Traditional organisations are increasingly recognising themselves as service providers and talking about service design. Defining the services an organisation offers is a good way to start being a better service provider.
It’s not just about putting the things an organisation does in a list. It’s about recognising what it takes for an organisation to see and manage itself better. To expose what wasn’t visible before. To organise its work and conceive of performance in a way that puts the focus outside itself. To deliver better and more valuable services to people, more efficiently.
Services aren’t usually viewed or organised in anything like the ways we’re talking about here. It’s surprisingly easy to get wrong and to miss opportunities. This is a definitive guide to helping organisations define, shape and scope services well.
- is defined from an external end user’s point of view
- describes something someone would want to do, in their language
- has an outcome that relates to the organisation’s goals
- includes all the steps between the user and provider
- includes all the parts involved in delivering it
You can immediately see problems with these criteria. What if ‘what someone wants to do’ is beyond what an organisation does? Or outside of the public, or private sector? What if what someone wants to do is in conflict with what the service provider wants its users to do? What about services for internal users?
To understand and protect the value that comes from defining services well, let’s take each point in turn.
1. A service is defined from an external end user’s point of view
Organisations have purpose. They exist to change or achieve something outside themselves. Yet their focus is often on internal functions or departments. Or portfolios, projects and IT systems. This misses the connection between the work of the organisation and what users are doing. Problems, opportunities and avoidable cost can be invisible. When an organisation focuses instead on providing great services to external users, better outcomes, cost-saving or revenue follows.
We still need to think about the work an organisation does internally. It’s just that we don’t think about it as a service in its own right. For example, when working on a (external) service, you need to think through how it’s delivered. This includes all the processes, tools and other things teams need to make their jobs possible, or easier. As well as all the systems and other parts, automated or not. There is much to improve, design and make decisions about. In the UK, when an internal part is re-designed in the style of GOV.UK it can cause confusion if it’s then assessed as if it itself were a service. It’s more helpful to see these as the supporting components of an external service with end users outside the organisation.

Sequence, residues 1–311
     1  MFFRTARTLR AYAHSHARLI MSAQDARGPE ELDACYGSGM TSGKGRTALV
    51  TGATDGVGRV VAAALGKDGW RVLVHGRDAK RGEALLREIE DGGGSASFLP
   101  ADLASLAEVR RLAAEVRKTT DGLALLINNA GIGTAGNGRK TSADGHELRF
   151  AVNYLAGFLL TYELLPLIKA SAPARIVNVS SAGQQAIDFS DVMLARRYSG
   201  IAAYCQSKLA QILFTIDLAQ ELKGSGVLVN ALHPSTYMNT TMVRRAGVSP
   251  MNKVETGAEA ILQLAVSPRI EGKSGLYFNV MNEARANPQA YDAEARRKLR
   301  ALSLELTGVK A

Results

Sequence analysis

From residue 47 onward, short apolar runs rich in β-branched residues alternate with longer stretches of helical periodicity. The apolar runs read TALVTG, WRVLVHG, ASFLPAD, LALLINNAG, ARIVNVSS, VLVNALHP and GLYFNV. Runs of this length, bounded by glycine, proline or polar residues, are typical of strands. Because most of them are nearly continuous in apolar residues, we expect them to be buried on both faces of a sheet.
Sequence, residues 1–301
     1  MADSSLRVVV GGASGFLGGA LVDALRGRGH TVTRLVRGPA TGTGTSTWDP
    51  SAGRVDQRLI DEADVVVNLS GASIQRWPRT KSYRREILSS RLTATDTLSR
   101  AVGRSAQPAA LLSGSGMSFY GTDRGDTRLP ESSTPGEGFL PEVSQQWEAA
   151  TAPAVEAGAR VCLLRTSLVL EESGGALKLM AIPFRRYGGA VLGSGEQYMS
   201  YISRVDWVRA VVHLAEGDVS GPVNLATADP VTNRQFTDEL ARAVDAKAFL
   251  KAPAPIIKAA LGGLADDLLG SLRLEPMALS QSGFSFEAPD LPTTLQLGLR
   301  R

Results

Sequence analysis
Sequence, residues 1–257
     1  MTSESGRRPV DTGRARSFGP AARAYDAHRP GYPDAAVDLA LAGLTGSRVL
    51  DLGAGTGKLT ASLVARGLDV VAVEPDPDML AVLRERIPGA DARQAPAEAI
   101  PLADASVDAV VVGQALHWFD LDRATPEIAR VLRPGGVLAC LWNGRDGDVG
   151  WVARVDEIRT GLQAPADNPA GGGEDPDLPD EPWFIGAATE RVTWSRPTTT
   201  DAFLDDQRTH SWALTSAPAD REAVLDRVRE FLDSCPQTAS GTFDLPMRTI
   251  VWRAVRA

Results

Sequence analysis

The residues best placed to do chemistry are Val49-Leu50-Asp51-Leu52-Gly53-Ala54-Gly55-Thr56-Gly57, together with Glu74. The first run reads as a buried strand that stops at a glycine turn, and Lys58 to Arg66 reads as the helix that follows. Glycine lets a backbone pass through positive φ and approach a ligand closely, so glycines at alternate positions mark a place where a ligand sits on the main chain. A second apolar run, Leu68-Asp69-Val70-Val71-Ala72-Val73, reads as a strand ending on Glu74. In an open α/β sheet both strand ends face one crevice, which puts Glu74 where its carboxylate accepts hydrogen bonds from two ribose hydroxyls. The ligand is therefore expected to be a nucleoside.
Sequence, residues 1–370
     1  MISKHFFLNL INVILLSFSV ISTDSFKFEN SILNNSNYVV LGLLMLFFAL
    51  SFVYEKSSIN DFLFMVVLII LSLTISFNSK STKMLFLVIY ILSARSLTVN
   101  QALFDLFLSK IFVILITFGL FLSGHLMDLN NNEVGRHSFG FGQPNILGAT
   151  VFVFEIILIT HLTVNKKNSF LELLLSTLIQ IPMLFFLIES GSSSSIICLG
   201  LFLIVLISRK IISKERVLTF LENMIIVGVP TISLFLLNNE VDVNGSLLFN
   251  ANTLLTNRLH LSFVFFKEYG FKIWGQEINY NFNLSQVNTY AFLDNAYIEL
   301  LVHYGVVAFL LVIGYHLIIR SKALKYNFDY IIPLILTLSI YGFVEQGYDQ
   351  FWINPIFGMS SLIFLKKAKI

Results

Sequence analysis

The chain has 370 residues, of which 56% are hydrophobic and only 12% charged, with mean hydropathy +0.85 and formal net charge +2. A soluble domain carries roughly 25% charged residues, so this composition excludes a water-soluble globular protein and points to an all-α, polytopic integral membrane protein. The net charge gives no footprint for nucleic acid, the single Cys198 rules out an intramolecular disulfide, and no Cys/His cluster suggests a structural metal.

Organisations do other things that are like a service, but where end users or stakeholders aren’t exactly external. For example, when a team finds information or prepares reports for a minister’s office or for parliament. You might think of these as internal-to-government services, of sorts. Although they’re similar, we don’t want to confuse what are internally focused activities with the services for end users that we’re defining on here.
Every organisation recruits people. The end users of this are often external to the organisation. Things like ‘recruiting people’, ‘getting a job’, ‘become an employee/member of our team’ should absolutely be considered, designed and managed, end to end. But they’re more self-serving than the external services we’re defining.
These are not external services in the way that we’re talking about:
- the on-boarding of new staff
- the intranet
- a new HR management system
- the way performance reviews work
- recruitment of people
- an internal wifi service
2. A service describes something someone would want to do, in their language
Services should be recognisable to someone with that need, described using plain english and starting with a verb. The UK government’s digital service described what they mean when they talk about services, following Lou Downe’s good services are verbs.